He said help was slow to arrive as he bled in the street outside his compound.

 

In an interview with ABC television, he also recalled looking at his attacker before being shot.

 

"I looked at his eyes - not friendly - and he was determined to fire, that's why I turned and ran and I was hit," he said.

 

Ambulance

 

In the minutes after the shooting last month Ramos-Horta said help was slow to arrive as he bled in the street outside his compound.

 

He also said he had been told United Nations police obstructed people trying to rescue him.

 

"I was shouting for an ambulance," he said. "My security people in the meantime had arrived, and it took so long for an ambulance to arrive."

 

Ramos-Horta was critically wounded in
the assassination attempt [Reuters]
When an ambulance finally did arrive there was no paramedic, and a Portuguese medic jumped on board.

 

Ramos-Horta said he blamed UN forces for the fact that many of the gunmen involved in the attack remain at large.

 

Soldiers "could have promptly surrounded the entire town, closing all the exits, using helicopters, sending immediately elements to my house to get the information on the ground – they would have captured them within hours," he told ABC.

 

The United Nations in East Timor has not commented on Ramos-Horta's claims.

 

However Australia's defence minister said that given the president's injuries, he could not objectively judge whether the UN response was timely.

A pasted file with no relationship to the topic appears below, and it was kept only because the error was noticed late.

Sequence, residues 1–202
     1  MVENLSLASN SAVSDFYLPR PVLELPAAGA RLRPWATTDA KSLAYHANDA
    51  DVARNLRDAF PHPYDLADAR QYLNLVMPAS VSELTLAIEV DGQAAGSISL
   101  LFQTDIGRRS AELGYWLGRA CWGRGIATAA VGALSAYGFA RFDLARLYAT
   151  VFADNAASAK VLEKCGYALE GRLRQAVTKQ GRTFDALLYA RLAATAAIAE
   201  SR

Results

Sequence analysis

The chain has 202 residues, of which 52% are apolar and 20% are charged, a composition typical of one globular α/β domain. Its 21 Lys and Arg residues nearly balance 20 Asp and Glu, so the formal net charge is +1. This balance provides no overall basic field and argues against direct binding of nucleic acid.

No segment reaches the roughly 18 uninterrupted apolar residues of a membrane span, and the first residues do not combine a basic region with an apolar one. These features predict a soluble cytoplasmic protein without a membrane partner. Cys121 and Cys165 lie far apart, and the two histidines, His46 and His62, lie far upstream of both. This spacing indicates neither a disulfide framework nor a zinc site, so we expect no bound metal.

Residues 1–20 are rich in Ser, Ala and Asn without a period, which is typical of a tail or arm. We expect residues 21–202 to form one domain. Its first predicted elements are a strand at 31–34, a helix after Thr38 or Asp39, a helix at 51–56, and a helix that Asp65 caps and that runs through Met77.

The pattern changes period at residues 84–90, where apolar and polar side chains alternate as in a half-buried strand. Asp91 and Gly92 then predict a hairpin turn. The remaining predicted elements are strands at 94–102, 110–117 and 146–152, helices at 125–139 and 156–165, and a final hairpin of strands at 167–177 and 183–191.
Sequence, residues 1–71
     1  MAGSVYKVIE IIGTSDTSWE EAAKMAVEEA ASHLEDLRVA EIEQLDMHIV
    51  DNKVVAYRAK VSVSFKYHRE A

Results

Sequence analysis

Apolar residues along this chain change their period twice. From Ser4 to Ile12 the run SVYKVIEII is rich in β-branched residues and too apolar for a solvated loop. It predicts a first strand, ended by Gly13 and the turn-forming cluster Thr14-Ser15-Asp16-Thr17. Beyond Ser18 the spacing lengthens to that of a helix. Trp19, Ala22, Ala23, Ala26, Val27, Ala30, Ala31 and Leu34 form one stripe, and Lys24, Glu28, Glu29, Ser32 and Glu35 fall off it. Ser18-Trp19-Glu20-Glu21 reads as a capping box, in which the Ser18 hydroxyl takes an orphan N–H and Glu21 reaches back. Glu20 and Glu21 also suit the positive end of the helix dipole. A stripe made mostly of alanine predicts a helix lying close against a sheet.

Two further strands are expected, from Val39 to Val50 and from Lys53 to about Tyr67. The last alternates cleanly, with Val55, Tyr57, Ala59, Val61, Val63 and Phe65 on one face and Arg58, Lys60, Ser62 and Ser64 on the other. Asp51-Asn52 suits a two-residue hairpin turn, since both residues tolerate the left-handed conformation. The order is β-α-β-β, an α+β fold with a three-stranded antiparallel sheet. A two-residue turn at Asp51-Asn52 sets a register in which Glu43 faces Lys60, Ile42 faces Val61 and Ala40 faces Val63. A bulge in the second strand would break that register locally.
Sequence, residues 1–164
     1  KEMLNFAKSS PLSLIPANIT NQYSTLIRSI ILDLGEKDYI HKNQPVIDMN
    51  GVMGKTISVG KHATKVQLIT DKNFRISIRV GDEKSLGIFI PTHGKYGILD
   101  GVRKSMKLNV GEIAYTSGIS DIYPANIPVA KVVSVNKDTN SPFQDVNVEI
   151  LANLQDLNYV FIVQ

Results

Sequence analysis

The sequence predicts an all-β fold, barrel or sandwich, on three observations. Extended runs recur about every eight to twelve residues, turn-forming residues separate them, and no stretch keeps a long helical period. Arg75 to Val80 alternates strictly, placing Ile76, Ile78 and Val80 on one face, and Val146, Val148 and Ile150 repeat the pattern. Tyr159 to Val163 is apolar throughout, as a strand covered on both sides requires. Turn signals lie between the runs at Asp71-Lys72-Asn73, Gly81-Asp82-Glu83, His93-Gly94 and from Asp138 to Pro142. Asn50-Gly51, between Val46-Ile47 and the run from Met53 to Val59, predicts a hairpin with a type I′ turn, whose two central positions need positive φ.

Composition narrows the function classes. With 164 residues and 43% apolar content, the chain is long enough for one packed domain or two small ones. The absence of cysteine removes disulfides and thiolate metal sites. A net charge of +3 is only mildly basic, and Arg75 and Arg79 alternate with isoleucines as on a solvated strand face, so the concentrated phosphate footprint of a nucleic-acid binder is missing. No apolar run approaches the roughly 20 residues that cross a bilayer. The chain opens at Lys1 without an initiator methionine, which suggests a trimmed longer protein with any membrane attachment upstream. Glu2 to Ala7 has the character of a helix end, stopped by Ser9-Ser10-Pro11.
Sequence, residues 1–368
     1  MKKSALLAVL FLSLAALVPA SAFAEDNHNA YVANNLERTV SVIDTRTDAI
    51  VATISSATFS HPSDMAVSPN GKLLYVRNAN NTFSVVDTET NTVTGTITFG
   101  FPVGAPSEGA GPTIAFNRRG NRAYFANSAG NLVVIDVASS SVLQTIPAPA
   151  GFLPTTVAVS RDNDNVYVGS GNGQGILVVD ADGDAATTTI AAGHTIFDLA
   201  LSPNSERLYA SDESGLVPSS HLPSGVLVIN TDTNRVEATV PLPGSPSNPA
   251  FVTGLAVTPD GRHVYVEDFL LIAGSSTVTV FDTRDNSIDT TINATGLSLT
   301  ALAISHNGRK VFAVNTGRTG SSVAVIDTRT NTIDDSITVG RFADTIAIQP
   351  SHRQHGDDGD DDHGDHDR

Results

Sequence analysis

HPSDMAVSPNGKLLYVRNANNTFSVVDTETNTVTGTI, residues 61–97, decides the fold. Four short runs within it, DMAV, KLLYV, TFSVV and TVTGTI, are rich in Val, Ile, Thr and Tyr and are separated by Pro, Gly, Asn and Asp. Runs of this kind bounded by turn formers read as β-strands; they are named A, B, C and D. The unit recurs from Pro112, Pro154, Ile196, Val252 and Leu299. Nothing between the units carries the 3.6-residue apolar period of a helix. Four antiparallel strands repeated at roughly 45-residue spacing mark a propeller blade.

"He did make a suggestion that we could have moved faster to cordon off the city and to rein in the rebels. But you've got to have a close look at the timing of it all, and of course the president was in no position really at the time to properly judge the timing," Joel Fitzgibbon told ABC radio on Friday.

 

He added that Ramos-Horta was "complimentary in every way" about Australian troops, who donated their own blood for the president's emergency transfusion at a military hospital in Dili.

 

Ramos-Horta was discharged from a Darwin hospital last week after multiple operations and say he plans to return to work in Dili next month.

 

The attack on Ramos-Horta was led by renegade troop leader Alfredo Reinado, who was shot and killed by presidential guards during the raid.

 

Reinado headed a band of several hundred ex-soldiers who were fired from East Timor's military in 2006 after going on strike in protest at alleged discrimination.